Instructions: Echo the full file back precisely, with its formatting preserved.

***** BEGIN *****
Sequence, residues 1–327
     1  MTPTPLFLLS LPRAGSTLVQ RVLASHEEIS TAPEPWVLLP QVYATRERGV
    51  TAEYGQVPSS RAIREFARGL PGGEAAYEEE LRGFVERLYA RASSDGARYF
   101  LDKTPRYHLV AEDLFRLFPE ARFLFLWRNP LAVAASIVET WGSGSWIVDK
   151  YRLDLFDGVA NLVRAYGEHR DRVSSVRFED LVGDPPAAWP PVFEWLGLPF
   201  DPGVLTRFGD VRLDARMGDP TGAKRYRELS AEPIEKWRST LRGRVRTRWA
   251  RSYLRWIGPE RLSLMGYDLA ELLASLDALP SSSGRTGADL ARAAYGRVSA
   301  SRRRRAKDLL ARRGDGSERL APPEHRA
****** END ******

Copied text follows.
Sequence, residues 1–327
     1  MTPTPLFLLS LPRAGSTLVQ RVLASHEEIS TAPEPWVLLP QVYATRERGV
    51  TAEYGQVPSS RAIREFARGL PGGEAAYEEE LRGFVERLYA RASSDGARYF
   101  LDKTPRYHLV AEDLFRLFPE ARFLFLWRNP LAVAASIVET WGSGSWIVDK
   151  YRLDLFDGVA NLVRAYGEHR DRVSSVRFED LVGDPPAAWP PVFEWLGLPF
   201  DPGVLTRFGD VRLDARMGDP TGAKRYRELS AEPIEKWRST LRGRVRTRWA
   251  RSYLRWIGPE RLSLMGYDLA ELLASLDALP SSSGRTGADL ARAAYGRVSA
   301  SRRRRAKDLL ARRGDGSERL APPEHRA